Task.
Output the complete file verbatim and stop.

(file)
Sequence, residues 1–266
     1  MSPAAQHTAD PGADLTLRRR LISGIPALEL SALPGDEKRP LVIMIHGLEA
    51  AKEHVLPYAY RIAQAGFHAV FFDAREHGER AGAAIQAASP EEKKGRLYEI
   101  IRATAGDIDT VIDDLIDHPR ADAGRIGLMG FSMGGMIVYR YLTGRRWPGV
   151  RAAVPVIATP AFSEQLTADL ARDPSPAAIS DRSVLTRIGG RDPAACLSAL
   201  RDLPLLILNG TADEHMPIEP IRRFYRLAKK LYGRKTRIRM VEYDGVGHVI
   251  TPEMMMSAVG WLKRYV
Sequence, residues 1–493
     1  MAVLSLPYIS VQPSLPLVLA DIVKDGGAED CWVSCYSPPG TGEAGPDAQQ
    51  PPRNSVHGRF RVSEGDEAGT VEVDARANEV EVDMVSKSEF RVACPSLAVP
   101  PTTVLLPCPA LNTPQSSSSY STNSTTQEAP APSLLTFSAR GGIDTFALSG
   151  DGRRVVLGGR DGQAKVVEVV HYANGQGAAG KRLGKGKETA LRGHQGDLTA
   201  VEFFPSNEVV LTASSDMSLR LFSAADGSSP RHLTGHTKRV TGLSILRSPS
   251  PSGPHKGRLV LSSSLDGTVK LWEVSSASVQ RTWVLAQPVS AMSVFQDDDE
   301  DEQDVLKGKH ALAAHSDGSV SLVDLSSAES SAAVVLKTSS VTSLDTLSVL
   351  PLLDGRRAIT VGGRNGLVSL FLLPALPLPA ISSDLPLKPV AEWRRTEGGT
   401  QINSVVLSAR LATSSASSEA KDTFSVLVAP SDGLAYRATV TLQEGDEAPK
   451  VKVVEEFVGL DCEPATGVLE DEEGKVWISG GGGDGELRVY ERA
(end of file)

Sequence, residues 1–266
     1  MSPAAQHTAD PGADLTLRRR LISGIPALEL SALPGDEKRP LVIMIHGLEA
    51  AKEHVLPYAY RIAQAGFHAV FFDAREHGER AGAAIQAASP EEKKGRLYEI
   101  IRATAGDIDT VIDDLIDHPR ADAGRIGLMG FSMGGMIVYR YLTGRRWPGV
   151  RAAVPVIATP AFSEQLTADL ARDPSPAAIS DRSVLTRIGG RDPAACLSAL
   201  RDLPLLILNG TADEHMPIEP IRRFYRLAKK LYGRKTRIRM VEYDGVGHVI
   251  TPEMMMSAVG WLKRYV
Sequence, residues 1–493
     1  MAVLSLPYIS VQPSLPLVLA DIVKDGGAED CWVSCYSPPG TGEAGPDAQQ
    51  PPRNSVHGRF RVSEGDEAGT VEVDARANEV EVDMVSKSEF RVACPSLAVP
   101  PTTVLLPCPA LNTPQSSSSY STNSTTQEAP APSLLTFSAR GGIDTFALSG
   151  DGRRVVLGGR DGQAKVVEVV HYANGQGAAG KRLGKGKETA LRGHQGDLTA
   201  VEFFPSNEVV LTASSDMSLR LFSAADGSSP RHLTGHTKRV TGLSILRSPS
   251  PSGPHKGRLV LSSSLDGTVK LWEVSSASVQ RTWVLAQPVS AMSVFQDDDE
   301  DEQDVLKGKH ALAAHSDGSV SLVDLSSAES SAAVVLKTSS VTSLDTLSVL
   351  PLLDGRRAIT VGGRNGLVSL FLLPALPLPA ISSDLPLKPV AEWRRTEGGT
   401  QINSVVLSAR LATSSASSEA KDTFSVLVAP SDGLAYRATV TLQEGDEAPK
   451  VKVVEEFVGL DCEPATGVLE DEEGKVWISG GGGDGELRVY ERA